This News Just In: The Maine Superior Court has just ruled to vacate the Land Use Regulatory Commission’s decision to grant Plum Creek’s development plan for the Moosehead Lake region. Attorney Phil Worden represented the Forest Ecology Network and RESTORE: The North Woods in this challenge to LURC’s decision. Chief Justice Humphrey called LURC’s action an “unauthorized, ad hoc procedure,” and concluded that the public was denied its legal rights to speak out on the final version of Plum Creek’s plan.
Producer/Host: Meredith DeFrancesco
Today we examine the court challenge to the Plum Creek Development plan.
We talk with Phil Worden. He is the attorney for Forest Ecology Network and RESTORE: The Maine Woods, who are fighting to repeal the Land Use Regulatory Commission’s approval of the massive development plan in the Moosehead Lake region, which would include 1000 house lots and 2 large resorts. The development required the rezoning of close to 16,000 acres. Included in the proposal is the setting aside of approximately 600,000 acres for so-called conservation, though commercial logging and gravel and water extraction would be allowed there.
Initially, the Land Use Regulatory Commission was not satisfied with Plum Creek’s plan, and made changes before they approved it. They did not, however, re-open the new plan to the public adjudicatory hearing, which allowed interested parties to cross examine and present their own arguments. This is one of the main points of the suit. On February 24th, the Maine Superior Court heard final arguments on the merits of the case.
Producers/Hosts: Meredith DeFrancesco and Meaghan LaSala
Topic: LURC’s Vote to Approve TranCanada’s Kibby Mtn. II Wind Project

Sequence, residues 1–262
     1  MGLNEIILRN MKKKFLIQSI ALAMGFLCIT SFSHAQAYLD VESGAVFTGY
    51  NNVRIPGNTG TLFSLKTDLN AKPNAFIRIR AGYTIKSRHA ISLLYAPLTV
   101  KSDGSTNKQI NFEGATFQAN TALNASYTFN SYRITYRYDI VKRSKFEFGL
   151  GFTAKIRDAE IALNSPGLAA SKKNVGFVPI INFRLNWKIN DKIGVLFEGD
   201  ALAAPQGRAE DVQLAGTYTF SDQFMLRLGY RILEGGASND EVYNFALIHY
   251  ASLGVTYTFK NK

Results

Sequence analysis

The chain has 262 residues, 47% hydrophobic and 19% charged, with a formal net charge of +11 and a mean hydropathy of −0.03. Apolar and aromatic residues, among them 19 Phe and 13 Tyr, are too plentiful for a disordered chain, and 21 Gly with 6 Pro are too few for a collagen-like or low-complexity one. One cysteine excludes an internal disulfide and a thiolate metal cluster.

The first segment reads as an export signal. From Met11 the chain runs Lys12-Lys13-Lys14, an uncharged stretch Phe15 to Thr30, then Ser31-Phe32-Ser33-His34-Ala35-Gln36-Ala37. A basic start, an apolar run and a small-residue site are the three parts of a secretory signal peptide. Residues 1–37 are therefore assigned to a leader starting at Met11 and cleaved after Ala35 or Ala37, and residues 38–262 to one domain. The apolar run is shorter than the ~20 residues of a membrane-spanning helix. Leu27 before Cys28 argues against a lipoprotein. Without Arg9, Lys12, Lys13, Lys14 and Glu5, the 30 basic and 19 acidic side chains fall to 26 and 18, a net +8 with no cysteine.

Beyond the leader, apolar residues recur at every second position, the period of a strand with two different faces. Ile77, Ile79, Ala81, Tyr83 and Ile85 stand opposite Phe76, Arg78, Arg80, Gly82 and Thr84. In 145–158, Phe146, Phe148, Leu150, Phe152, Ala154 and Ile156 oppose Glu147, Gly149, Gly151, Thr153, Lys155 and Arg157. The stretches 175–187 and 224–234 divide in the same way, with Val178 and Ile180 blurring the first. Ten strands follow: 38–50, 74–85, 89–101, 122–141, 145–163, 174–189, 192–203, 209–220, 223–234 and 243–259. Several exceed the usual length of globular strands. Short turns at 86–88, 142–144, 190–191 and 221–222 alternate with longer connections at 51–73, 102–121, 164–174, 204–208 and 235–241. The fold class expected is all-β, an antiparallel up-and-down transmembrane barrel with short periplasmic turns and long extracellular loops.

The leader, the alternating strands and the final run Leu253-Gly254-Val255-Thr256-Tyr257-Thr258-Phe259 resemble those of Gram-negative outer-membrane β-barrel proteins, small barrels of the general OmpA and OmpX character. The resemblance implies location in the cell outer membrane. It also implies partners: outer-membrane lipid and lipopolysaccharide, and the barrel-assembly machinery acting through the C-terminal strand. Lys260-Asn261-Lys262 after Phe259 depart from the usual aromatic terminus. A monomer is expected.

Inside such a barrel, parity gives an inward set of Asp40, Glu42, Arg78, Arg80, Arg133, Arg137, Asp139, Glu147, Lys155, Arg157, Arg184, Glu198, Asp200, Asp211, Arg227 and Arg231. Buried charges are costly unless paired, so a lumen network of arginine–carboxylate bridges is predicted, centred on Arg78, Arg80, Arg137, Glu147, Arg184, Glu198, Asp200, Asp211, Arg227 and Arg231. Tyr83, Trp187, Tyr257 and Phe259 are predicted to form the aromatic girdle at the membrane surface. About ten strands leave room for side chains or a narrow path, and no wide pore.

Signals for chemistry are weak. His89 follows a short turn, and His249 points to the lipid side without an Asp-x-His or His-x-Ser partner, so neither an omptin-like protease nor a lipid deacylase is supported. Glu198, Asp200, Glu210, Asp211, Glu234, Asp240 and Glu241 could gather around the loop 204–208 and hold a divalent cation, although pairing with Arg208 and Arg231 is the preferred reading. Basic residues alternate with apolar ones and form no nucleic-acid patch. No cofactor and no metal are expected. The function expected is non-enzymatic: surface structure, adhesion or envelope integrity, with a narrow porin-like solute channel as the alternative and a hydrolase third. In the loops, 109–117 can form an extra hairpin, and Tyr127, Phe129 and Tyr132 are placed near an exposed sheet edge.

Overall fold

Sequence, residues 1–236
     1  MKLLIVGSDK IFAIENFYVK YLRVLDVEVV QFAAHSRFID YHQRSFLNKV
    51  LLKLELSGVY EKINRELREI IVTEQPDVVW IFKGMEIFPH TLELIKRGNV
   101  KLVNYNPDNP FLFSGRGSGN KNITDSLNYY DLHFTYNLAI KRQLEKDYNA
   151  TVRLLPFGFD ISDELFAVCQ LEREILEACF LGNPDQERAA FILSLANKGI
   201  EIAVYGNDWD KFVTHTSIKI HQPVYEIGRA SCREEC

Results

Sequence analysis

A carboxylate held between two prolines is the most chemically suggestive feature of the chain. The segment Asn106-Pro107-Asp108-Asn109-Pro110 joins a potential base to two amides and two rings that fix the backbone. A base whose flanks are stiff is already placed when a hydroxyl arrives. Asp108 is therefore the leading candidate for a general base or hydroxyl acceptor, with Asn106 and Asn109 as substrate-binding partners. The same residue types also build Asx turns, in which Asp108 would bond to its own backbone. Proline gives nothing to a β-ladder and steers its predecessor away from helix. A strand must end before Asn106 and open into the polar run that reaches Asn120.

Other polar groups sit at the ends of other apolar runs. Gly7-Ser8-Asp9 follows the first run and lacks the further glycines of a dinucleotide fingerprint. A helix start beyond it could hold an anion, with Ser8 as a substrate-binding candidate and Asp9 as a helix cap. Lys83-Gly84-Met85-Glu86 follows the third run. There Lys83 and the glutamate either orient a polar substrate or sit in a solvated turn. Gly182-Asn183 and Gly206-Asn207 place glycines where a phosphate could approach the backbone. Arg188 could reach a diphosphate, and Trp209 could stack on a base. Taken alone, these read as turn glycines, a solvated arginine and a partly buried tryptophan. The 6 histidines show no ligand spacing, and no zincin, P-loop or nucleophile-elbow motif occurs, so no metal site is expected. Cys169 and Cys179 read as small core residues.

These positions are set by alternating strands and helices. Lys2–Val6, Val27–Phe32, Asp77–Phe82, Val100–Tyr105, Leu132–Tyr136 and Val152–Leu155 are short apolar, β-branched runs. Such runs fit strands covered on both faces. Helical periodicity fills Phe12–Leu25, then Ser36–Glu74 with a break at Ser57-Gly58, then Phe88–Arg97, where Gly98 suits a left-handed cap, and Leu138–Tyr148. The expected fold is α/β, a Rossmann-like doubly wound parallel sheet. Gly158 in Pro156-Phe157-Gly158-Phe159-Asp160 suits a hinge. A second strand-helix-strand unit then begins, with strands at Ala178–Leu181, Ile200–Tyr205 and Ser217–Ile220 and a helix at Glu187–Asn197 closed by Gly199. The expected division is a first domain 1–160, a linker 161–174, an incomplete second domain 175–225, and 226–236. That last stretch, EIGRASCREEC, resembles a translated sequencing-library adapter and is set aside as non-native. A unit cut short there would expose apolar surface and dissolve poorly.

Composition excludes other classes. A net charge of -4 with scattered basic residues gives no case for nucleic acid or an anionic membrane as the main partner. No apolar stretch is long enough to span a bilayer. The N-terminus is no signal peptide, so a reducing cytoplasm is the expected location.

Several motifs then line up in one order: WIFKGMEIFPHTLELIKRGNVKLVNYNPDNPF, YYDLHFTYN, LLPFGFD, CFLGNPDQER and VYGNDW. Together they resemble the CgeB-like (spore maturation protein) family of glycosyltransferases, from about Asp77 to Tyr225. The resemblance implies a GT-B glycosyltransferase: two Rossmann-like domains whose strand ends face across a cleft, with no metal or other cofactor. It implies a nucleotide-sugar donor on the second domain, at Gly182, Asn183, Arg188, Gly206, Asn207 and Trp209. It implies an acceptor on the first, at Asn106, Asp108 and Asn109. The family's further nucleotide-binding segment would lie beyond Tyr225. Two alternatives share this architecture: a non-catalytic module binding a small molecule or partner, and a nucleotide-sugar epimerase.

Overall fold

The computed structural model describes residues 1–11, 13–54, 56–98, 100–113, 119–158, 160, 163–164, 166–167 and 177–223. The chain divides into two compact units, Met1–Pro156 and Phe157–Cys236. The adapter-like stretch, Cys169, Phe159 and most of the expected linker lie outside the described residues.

Why did the Citizens Taskforce on Windpower oppose the project and stage a protest before the meeting: Why did LURC Commissioner Rebecca Kurtz vote against the project (as the one dissenting vote)? Why did the rest of the commission vote in favor?
Producers/Hosts: Meredith DeFrancesco and Amy Browne
Topics: Plum Creek, logging deeryard, mining, mudslide, banning public, LURC/CLUP, State Police refusal to release records on local activists
Guests: Hillary Lister, Lynne Williams, Emily Posner
Producers/Hosts: Amy Browne & Meredith DeFrancesco
Topic: Land Use Regulatory Commission (LURC) approval of Plum Creek development plan; Financial BailOut, Jack McKay, Rep. Mike Michaud
Producers/Hosts: Meredith DeFrancesco & Amy Browne
Topics: Maine state Land Use Regulatory Commission (LURC) endorses Plum Creek development plan
*Maine Civil Liberties Union opposes motion to dismiss telecom cases
*Maine Civil Liberties Union opposes federal legislation that could limit healthcare services for birth control, abortion,end of life care and HIV treatment
Today we cover two stories that illicit reflection on how democracy works in our country and in our state.
We talk with the Maine Civil Liberties Union about challenging the National Security Agency’s right to use the Verizon phone company to gather information from Maine residents, regardless of the new national amendment to the FISA law.
But first, we go to the largest development plan this state has seen. It’s timber giant and now developer Plum Creek’s plan to rezone nearly 16,000 acres in the Moosehead Lake region for 975 house lots and two large resorts. Yesterday Maine’s Land Use Regulatory Commission (LURC) endorsed that plan.
On Tuesday and Wednesday LURC heard closing comments from the many organizations, businesses and others who have been opposing or supporting the Plum Creek plan. But LURC already had it’s mind made up, or had been advised by it’s consultants what it should decide. Yesterday LURC endorsed Plum Creek’s development plan.
1.Wendy Weiger, coordinator of Moosehead Region Futures Committee www.mooseheadfutures.org
2. Zachary Heiden, Legal Director, Maine Civil Liberties Union